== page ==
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Thursday, February 14, 2013

TO KAVA OR NOT TO KAVA


Kava trees as they grow.







   














The Tongan farmer looked at the visiting Paalangi.  “This is kava.  Kava is a royal crop, Brother.  I have more than 200 acres of it growing on my plantation.  This is how I shall provide an education for my children and for my grandchildren, from the sale of kava. We make juice from the roots.  Will you honor me by trying some?”


Squeezing the juice from kava roots.









  
The Paalangi looked long at the Tongan.  “Brother Vai, I have never seen kava before.  But I have just had a prompting from the Holy Ghost that kava is not good for the body. I shall not drink any today.  Still, I thank you for your invitation, and your good will.”

Dried kava roots

 The Paalangi left, and Brother Vai sat down to think.  Then he stood, and thought some more.  And then he walked, and thought some more.  Much, much later that night, he went to bed.

 The next morning, Brother Vai called his plantation workers together.  "We will uproot every kava tree on this plantation,” he said, stunning his workers.  “I will not grow kava any more.”

The workers would not confront their employer, but later they complained among themselves.  "He can't be serious!" said one.  "The other plantation owners will say he's gone mad," said another.  "What is he thinking?  He will have no money, and we will have no jobs!" protested a third.  Still, they obeyed their employer.  He was firm; every kava tree had to go.  



Many weeks later, the last of the kava trees was removed from the ground.  The workers watched in amazement as every tree was chopped up for firewood, and the valuable root systems burned.  Now that the job was finished, the plantation owner explained himself to his staff.

“I trust this Paalangi who came to our plantation.  I know in my heart he is a man of God. I know that he is inspired of God, and I trust his judgment based upon that inspiration.  He was the one who told me that kava is not good for the body.  I will not grow anything that is harmful to anyone’s body.  I will apply in my life the principles that I know are true; and one of those principles is to never harm another person.”

The workers now understood why Brother Vai had chosen to uproot his crops.  But how would he pay them?  How would they manage a plantation with no crops?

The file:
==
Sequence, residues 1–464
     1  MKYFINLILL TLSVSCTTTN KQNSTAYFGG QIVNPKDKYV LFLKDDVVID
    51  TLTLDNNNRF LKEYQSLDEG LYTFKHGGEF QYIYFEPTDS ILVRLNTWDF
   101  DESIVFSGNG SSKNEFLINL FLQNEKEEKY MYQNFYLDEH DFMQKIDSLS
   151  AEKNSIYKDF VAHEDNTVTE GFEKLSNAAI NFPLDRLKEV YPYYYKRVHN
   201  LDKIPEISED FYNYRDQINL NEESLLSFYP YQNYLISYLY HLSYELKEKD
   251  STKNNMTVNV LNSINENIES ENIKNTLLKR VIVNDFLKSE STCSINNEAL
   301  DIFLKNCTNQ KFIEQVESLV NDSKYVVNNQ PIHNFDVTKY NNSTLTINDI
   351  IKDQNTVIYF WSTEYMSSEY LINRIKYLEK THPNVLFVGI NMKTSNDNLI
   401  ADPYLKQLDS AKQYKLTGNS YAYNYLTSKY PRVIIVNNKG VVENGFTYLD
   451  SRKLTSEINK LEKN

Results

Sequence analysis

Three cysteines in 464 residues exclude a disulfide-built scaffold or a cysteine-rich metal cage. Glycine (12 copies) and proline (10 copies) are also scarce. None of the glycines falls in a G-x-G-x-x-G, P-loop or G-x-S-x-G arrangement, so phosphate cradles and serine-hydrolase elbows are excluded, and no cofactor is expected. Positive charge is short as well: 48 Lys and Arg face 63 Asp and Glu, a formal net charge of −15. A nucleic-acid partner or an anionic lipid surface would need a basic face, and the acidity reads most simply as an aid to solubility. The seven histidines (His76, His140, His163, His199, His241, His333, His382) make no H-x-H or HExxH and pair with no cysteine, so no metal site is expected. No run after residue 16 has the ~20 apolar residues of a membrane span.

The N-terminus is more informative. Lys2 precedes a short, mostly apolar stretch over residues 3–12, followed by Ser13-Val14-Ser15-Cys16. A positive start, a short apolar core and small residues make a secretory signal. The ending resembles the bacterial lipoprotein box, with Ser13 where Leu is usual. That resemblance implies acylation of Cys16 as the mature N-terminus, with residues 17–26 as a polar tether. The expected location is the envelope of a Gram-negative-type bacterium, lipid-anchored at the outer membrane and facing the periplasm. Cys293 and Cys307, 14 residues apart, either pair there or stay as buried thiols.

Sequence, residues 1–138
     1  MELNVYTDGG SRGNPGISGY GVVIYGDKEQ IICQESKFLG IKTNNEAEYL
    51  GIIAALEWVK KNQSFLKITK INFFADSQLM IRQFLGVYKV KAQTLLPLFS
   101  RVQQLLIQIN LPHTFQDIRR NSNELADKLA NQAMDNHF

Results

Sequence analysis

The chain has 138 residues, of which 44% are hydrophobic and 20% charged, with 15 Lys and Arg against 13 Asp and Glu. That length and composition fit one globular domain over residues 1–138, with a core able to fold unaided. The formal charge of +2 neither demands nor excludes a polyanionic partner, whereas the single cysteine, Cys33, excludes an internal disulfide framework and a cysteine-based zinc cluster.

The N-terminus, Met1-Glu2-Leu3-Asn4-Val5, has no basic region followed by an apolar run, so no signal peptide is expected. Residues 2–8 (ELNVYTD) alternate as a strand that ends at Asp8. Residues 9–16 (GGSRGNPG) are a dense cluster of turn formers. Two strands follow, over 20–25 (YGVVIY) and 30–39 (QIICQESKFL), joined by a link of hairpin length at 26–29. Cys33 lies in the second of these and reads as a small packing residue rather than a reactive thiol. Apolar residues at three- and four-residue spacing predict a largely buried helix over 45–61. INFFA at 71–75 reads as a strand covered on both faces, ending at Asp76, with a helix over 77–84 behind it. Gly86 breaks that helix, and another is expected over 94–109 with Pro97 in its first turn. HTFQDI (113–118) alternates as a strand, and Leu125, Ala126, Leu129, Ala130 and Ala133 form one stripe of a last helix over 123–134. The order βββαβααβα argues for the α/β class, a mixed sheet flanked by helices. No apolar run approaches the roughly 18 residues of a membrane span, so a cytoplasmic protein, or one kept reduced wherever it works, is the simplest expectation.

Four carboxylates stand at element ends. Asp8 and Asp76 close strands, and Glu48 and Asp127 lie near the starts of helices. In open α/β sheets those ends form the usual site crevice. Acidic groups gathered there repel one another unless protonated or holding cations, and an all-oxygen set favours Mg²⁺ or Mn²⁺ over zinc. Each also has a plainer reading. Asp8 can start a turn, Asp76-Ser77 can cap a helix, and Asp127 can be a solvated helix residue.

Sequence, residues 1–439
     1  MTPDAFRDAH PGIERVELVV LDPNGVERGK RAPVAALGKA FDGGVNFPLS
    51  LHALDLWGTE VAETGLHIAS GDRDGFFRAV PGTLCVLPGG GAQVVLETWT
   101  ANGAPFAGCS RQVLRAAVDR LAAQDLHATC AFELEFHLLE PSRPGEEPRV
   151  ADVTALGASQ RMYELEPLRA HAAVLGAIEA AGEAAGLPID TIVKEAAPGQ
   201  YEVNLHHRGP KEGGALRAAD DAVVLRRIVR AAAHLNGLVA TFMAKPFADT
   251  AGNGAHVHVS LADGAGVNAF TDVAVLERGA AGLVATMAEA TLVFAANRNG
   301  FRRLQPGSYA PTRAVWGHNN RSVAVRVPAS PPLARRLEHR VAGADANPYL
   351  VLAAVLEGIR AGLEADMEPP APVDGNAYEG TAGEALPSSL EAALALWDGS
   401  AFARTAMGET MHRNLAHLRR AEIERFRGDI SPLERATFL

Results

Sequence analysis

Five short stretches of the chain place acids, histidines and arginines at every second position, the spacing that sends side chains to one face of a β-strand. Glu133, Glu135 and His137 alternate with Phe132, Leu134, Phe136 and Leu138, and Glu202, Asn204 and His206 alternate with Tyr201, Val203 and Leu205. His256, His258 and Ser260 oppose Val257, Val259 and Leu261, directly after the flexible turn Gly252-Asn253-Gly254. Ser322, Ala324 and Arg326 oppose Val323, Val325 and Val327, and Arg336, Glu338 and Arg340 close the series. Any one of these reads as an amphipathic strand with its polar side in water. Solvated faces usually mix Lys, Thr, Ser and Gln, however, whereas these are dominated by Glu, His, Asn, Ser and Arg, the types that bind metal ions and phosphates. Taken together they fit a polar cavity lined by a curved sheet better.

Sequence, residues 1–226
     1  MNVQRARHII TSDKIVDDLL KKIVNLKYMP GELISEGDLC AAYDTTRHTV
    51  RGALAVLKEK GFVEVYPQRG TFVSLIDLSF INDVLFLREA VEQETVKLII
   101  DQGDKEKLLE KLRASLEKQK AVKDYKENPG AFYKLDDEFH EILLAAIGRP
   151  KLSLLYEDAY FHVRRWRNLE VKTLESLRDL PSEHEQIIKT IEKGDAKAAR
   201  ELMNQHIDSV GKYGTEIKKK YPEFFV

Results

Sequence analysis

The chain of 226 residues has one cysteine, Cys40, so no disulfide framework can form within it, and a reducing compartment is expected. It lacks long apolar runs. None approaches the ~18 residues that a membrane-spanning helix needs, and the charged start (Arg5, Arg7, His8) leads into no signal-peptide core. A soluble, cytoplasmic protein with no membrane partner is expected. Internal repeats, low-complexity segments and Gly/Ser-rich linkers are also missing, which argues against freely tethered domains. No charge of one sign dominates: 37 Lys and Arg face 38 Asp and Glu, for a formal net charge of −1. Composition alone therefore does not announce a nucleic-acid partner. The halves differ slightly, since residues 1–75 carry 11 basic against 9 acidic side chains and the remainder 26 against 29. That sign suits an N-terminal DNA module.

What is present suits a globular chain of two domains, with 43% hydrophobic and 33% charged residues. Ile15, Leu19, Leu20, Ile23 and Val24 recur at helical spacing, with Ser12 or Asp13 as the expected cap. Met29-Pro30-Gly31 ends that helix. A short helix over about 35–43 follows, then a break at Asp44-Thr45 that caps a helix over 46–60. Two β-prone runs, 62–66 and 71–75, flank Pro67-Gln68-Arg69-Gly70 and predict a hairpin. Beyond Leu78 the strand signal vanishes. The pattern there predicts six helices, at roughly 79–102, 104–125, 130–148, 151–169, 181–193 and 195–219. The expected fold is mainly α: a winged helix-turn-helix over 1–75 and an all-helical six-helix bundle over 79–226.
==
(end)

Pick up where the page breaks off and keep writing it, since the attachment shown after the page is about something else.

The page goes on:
A banana grove.
Brother Vai started over.  He had banana trees, and bananas would always sell.  They would plant more banana trees.  Little by little, more crops were added: mangoes, melons, pineapples, root crops – and sooner than any of the workers had expected, the plantation was filled with beneficial vegetables and fruits.  And Brother Vai never let any workers go – they managed together.  The plantation thrived as never before; the weather seemed to support every planting, every harvest, and the workers came to understand the value of applying their faith in both word and deed.


This is what kava drink looks like.  It used to be used only
in ceremonies,but now is popularly used as a pastime.

I was told this story by the grandson of Brother Vai, whose entire family uses this story to teach each other the value of trusting in our leaders.  I don’t know who the Paalangi in the story was; it doesn’t matter.   What matters is that Brother Vai perceived the inspiration of a leader, and trusted enough in that inspiration to take the drastic step of destroying his own crops and then replacing them, without knowing for himself the reason.  (It is now common knowledge that kava is a mild hallucinogenic, is addictive, and can cause severe liver damage.)  Brother Vai , his children and grandchildren are strong, contributing members of the Church here in Tonga, and provide leadership in many wards and branches.  It is our pleasure to know and work with a few members of this family.  

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